Within three weeks, Prime Minister Narendra Modi was able to get investment commitments worth $54 billion from the two rival Asian powerhouses of Japan ($34 billion) and China ($20 billion). It is significant that both agreements, spread over five years, were predicated on improving the business environment in India. Analysts have rightly been sceptical about whether China and Japan - especially the former - will make good on these pledges. But the equally pertinent question is whether India can reciprocate, an issue that will no doubt be raised by American businessmen amid the high expectations set by his impending foray across the Atlantic.
This is an issue of which Mr Modi, ever the realist, is probably all too aware. With his creative media team's penchant for the catchy phrase, he told Japanese businessmen that India would lay on the red carpet rather than the red tape. He probably said this in all sincerity. Like several prime ministers before him, he is eager to see India become prosperous rather than a nation distinguished by grinding poverty. More than any other, he sees foreign investment as a means to achieving that elusive goal. But it is unclear how he can extend this promise with such assurance, even if he has five years to make good on it.
A quick scan of the fate of some early efforts at attracting investment and reforming the investment climate will show him that India is a complicated place to do business for reasons that go well beyond the World Bank's precise metrics.
In the 1990s, soon after the licence raj was put to rest and well before Mr Modi's rise, chief ministers from Chandrababu Naidu of undivided Andhra Pradesh to Jyoti Basu in West Bengal started making annual summer trips to the cooler climes of Europe and the United States to hard-sell their states as investment destinations.
The results were decidedly mixed. Mr Naidu's focus on technology earned him much attention and some investments. The establishment of the Indian School of Business (ISB), jointly promoted by blue-chip global B-schools and consultancies, was the showcase of all this. For Mr Naidu, the ISB's plush, world-class campus, a clutch of IT back-offices, and R&D outfits did much to mask the fact that the really big bucks were mostly headed to Bangalore and Pune.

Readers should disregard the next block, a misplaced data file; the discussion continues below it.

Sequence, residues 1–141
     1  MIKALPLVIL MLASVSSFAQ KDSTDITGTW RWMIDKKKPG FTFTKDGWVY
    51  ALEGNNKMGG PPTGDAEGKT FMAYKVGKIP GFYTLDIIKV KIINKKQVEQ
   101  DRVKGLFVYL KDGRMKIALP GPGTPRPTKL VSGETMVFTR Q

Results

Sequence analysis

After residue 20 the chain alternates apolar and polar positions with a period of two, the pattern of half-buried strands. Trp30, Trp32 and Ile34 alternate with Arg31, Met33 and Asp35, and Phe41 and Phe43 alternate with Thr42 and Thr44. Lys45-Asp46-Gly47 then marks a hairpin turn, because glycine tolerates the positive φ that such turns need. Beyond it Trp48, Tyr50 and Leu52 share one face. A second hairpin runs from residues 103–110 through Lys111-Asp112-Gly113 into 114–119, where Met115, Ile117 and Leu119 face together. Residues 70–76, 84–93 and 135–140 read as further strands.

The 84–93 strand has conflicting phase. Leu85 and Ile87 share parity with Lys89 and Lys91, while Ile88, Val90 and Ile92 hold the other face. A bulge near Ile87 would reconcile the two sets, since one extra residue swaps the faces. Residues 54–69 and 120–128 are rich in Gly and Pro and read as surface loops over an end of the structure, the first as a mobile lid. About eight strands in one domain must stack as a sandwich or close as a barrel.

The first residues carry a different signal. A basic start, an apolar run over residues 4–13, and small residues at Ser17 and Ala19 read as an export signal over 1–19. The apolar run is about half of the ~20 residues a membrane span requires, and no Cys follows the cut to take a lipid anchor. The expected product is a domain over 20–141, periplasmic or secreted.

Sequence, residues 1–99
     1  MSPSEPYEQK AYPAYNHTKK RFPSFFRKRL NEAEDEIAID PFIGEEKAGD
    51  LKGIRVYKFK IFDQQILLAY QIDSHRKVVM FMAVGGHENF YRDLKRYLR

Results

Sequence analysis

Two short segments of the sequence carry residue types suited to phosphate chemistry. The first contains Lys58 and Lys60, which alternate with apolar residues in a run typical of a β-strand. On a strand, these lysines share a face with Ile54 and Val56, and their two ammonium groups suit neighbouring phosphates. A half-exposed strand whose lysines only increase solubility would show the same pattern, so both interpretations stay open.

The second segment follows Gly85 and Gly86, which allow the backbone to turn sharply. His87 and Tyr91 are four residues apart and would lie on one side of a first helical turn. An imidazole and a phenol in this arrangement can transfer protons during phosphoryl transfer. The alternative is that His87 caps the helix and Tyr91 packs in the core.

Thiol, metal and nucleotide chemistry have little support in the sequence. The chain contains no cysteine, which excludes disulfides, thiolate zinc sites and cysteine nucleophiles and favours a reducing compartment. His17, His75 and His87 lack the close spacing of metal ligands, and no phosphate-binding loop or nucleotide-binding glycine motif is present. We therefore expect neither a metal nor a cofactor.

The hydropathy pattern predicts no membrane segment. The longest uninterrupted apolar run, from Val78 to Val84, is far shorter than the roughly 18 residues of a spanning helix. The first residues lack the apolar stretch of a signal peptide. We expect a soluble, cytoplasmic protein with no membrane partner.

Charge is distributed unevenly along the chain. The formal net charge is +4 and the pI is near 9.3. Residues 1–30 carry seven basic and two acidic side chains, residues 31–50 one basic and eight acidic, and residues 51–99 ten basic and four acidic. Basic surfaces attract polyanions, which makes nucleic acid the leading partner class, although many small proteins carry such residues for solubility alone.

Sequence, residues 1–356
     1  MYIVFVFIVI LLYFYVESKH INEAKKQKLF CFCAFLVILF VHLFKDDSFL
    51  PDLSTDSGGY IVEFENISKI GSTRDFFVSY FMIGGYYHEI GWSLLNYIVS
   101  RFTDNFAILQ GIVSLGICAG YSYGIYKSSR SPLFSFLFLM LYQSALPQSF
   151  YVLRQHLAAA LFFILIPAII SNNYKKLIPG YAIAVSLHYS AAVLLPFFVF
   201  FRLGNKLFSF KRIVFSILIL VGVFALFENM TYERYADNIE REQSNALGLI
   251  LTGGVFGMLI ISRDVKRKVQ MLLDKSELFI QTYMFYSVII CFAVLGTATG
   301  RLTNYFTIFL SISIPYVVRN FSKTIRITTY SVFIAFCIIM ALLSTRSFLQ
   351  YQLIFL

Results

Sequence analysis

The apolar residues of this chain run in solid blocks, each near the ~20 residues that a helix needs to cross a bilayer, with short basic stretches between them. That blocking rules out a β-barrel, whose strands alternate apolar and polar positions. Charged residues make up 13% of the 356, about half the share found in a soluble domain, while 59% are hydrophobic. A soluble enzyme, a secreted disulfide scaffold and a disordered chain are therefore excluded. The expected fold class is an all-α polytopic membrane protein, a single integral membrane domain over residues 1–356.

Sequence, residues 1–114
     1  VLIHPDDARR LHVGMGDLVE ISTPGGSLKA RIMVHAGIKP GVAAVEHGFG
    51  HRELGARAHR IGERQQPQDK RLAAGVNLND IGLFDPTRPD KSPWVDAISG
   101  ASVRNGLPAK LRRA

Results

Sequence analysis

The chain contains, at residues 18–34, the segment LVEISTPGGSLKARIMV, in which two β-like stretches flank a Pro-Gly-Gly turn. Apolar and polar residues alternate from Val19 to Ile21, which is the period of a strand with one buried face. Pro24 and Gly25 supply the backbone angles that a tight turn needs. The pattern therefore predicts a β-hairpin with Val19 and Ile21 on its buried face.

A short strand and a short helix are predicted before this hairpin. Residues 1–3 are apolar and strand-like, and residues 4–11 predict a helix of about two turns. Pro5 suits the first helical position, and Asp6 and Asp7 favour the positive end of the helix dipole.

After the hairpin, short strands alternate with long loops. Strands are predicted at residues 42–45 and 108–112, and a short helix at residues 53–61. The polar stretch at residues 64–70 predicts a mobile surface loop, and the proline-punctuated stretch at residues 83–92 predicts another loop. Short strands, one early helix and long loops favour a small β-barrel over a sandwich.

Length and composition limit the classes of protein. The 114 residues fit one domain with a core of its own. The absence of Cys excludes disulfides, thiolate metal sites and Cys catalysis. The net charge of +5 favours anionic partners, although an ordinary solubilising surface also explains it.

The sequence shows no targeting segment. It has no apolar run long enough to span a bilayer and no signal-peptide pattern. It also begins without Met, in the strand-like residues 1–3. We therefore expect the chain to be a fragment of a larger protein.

Hyderabad was impressively spruced up, grew rapidly but, sadly, developed a reputation for harbouring shady businesses. At any event, the bulk of the Andhra populace was disenchanted with Mr Naidu's reforming zeal since the jobs mostly went to educated urbanites, and voted him out of power after two terms.
If Mr Naidu's efforts to transform undivided Andhra met with limited success, Bengal's efforts to jettison its communist credentials were positively disastrous. Jyoti Basu assured investors that the trade unions, famously known for their obstructionist approach, were within his party's control. But ironically, it was a Congress-affiliated union, Intuc, that opposed the sale of the near-defunct Great Eastern Hotel to Accor Pacific and scuttled Basu's initial attempt to reform Bengal. The Mitsubishi chemical plant in Haldia and a couple of IT back-offices in Salt Lake remain the only monuments to Basu's legacy in economic reform.
His successor, Buddhadev Bhattacharjee, an able man with good intentions but the poorest of communicators, fared even worse with his policy of trying to power through reforms by inviting investors of all provenance - from Ratan Tata and Jindal to Pepsi and the Salim Group of Indonesia. By practically giving away land free and offering tax breaks that would make a backward state envious, he hoped to transform Bengal into the business hub it once was.
Mr Bhattacharjee reckoned without the power of the lumpen ultra-left, the very forces that almost three decades of Communist rule had unleashed, with its ability to stoke grievances of those who felt disenfranchised. Mamata Banerjee's rise via the anti-industry movements in Singur and Nandigram owes itself to this trend. Hilariously, though, she tried to emulate her predecessors by heading off to Singapore earlier this year, attracting derisive mirth rather than dollars from those who know her state's approach to business all too well.
And then Mr Modi might want to recall the fate of two of India's signature foreign direct investment projects - Enron and Posco. The first was located in Maharashtra, a state that had as strong a reputation for being investment-friendly as Gujarat. Power was one of the earliest industries to be liberalised, but Enron's Dabhol Power Company foundered on the terms of the distinctly dodgy terms of the power-purchase agreement - negotiated and renegotiated by both Congress- and Bharatiya Janata Party (BJP)-led coalitions. The shady United States parent foundered in a welter of corruption in its home country and the plant was effectively nationalised.
As for the $12-billion steel plant that Posco was to set up in Odisha, that agreement was signed in 2005 on terms that attracted worldwide attention for the appropriation of local iron ore resources allowed to the Korean giant. But it proved a non-starter because of complications connected with land acquisition. This is emerging as the bête noire of industry in general but it is significant that a part of Posco's problems were connected with getting squatters off government-owned land, pointing to the preference for land as an asset over the ephemeral promise of jobs.
As these brief histories suggest, Mr Modi may have been able to speak for Gujarat as chief minister. But as prime minister of India, he really cannot speak for any of the states, where the investments eventually go, not even those in which the BJP rules. Vasundhara Raje, for instance, is already facing opposition from within to the express speed with which she is trying to reform her state. Politics, as the prime minister will soon discover, can be an unpredictable beast.